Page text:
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Top Asian News 4:49 a.m. GMT

January 13, 2023 GMT

Lawyer: Suspect in Abe assassination to face murder charge

TOKYO (AP) — Japanese prosecutors are expected to formally charge the suspect in the assassination of former Prime Minister Shinzo Abe with murder on Friday, his lawyer said. Tetsuya Yamagami was arrested immediately after allegedly shooting Abe with a handmade gun as the former leader was making a campaign speech in July outside a train station in Nara in western Japan. Later that month, Yamagami was sent to an Osaka detention center and given a five-month mental evaluation, which ended Tuesday. Yamagami is now back in police custody in Nara after reportedly being deemed fit to stand trial. One of his lawyers, Masaaki Furukawa, told The Associated Press on Thursday that he expects prosecutors to charge Yamagami with murder and gun control law violations.

Indian army chief: China border situation is ‘unpredictable’


NEW DELHI (AP) — India’s army chief said on Thursday the border situation with China is stable but unpredictable after a nearly two-and-a-half-year standoff between tens of thousands of soldiers from both countries in the eastern Ladakh area. Gen. Manoj Pande told reporters the countries were continuing to talk both at the diplomatic and military levels, and that India’s military maintains a high level of preparedness. “We have adequate forces. We have adequate reserves in each of our sectors to be able to effectively deal with any situation or contingency,” Pande said. “I would say the situation is stable and under control, yet unpredictable,” he said.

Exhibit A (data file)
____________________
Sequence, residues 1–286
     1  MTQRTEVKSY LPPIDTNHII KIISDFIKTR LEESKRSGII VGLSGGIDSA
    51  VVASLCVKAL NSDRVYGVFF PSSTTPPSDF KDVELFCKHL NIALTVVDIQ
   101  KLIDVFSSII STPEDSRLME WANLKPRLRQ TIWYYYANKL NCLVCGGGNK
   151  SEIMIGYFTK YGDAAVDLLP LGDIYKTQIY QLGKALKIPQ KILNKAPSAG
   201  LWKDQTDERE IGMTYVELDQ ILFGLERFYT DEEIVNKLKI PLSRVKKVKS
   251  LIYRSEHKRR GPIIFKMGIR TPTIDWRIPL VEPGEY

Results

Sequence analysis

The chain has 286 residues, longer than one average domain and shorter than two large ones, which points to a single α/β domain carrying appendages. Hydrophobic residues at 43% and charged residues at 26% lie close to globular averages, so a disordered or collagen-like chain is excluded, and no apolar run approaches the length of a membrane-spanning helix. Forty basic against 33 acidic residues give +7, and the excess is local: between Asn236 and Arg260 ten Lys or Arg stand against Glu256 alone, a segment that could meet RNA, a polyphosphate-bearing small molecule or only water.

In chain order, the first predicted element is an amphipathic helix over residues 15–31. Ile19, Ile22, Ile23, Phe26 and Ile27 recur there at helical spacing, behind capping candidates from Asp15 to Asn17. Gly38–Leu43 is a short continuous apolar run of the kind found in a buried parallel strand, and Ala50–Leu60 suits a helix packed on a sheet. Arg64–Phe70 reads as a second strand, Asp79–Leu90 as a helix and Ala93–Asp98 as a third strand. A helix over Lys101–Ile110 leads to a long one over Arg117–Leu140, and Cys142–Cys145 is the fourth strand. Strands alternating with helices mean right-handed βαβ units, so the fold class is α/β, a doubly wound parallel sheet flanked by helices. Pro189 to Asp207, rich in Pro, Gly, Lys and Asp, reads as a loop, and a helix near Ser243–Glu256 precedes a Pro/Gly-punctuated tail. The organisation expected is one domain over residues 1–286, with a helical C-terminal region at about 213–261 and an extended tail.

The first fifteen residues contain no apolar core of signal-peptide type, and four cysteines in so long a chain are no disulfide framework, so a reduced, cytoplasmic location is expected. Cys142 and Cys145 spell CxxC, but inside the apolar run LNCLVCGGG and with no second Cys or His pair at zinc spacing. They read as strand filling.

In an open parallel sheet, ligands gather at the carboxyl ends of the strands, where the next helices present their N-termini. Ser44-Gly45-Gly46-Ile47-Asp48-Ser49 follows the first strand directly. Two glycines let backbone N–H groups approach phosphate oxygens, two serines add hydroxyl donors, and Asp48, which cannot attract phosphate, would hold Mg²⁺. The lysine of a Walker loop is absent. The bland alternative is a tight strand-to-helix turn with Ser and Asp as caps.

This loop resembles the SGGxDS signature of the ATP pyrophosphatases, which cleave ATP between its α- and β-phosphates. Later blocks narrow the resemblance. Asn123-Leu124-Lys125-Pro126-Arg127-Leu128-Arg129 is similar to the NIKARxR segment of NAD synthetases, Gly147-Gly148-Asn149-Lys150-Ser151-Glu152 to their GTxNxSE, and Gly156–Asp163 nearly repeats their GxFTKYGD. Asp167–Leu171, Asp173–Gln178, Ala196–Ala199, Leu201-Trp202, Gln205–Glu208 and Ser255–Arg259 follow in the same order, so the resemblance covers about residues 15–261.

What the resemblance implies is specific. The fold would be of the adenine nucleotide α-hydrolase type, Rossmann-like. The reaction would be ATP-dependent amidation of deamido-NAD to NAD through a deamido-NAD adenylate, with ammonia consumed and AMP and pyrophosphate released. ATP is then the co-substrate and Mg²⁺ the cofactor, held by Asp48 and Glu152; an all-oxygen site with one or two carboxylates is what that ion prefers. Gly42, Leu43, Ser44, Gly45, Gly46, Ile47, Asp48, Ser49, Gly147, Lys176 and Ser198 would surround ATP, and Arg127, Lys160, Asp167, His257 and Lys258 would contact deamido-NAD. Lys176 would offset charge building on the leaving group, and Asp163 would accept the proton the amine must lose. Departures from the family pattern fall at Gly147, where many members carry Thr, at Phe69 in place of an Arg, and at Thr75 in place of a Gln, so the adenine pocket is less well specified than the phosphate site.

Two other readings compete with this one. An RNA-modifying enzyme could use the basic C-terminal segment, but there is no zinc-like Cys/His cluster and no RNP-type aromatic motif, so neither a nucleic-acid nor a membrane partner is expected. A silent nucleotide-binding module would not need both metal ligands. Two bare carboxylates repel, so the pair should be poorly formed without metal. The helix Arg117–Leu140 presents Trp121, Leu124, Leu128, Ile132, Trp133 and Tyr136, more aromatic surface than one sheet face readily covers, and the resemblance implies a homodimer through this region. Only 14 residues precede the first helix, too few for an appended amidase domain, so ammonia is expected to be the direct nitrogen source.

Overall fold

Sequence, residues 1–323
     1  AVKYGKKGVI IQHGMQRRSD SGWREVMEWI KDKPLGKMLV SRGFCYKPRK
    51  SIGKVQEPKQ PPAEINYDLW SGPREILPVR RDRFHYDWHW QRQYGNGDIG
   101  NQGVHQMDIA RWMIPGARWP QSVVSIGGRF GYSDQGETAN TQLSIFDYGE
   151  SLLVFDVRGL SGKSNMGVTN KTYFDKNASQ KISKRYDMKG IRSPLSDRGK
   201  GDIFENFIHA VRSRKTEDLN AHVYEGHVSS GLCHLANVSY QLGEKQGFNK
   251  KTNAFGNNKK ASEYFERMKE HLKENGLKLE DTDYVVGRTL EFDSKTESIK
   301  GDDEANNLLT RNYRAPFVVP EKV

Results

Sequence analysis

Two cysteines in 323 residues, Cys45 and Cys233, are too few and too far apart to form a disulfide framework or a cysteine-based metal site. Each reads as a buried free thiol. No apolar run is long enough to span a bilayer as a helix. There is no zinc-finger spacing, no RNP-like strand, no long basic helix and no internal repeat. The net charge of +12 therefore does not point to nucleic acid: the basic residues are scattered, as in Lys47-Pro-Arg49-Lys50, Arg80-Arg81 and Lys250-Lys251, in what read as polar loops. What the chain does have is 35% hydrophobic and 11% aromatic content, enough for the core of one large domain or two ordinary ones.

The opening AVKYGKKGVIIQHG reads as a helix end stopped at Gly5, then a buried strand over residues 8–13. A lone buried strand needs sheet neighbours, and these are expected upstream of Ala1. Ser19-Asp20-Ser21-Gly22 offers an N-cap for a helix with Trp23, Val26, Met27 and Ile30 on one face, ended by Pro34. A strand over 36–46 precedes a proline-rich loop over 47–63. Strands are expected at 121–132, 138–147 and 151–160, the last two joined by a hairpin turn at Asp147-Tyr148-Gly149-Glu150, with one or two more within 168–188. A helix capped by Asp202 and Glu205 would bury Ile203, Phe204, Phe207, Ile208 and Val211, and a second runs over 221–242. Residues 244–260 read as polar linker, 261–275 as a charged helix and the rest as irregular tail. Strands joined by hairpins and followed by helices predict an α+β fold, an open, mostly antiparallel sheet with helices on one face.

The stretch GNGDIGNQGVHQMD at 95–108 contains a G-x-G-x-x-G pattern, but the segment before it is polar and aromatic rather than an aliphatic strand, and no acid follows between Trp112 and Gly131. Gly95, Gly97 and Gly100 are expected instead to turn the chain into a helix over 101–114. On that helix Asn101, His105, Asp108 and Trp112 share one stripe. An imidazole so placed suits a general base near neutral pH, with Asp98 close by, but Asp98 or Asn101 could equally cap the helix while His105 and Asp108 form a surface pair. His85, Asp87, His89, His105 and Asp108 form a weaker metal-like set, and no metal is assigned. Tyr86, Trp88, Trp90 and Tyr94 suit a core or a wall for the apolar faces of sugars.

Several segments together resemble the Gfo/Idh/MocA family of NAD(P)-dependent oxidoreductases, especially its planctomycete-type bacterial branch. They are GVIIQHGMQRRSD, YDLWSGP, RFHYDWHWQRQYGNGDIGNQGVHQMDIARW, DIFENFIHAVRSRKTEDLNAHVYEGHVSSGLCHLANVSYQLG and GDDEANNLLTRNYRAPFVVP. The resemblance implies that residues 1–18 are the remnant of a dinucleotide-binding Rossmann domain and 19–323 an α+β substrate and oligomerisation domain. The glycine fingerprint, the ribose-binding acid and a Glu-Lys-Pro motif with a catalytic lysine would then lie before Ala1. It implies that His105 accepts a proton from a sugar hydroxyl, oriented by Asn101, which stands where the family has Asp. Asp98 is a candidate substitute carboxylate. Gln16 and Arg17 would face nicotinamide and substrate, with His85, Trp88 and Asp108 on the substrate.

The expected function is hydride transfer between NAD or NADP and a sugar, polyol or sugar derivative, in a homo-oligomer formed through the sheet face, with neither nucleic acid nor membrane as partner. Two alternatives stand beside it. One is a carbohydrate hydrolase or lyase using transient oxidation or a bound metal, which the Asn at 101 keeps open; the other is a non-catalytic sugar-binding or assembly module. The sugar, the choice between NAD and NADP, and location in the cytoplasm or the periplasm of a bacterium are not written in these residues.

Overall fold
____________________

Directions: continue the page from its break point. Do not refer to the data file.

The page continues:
EXPLAINER: List of states banning TikTok grows

MADISON, Wis. (AP) — Wisconsin and North Carolina have joined at least 22 other states in banning the popular social media app TikTok on state-owned devices, including Mississippi, Indiana, Louisiana and South Dakota. Congress also recently banned TikTok from most U.S. government-issued devices over bipartisan concerns about security. TikTok is owned by ByteDance, a Chinese company that moved its headquarters to Singapore in 2020. It has been targeted by critics who say the Chinese government could access user data, such as browsing history and location. U.S. armed forces also have prohibited the app on military devices. TikTok is consumed by two-thirds of American teens and has become the second-most popular domain in the world.


China’s trade surplus swells to $877.6B as exports grow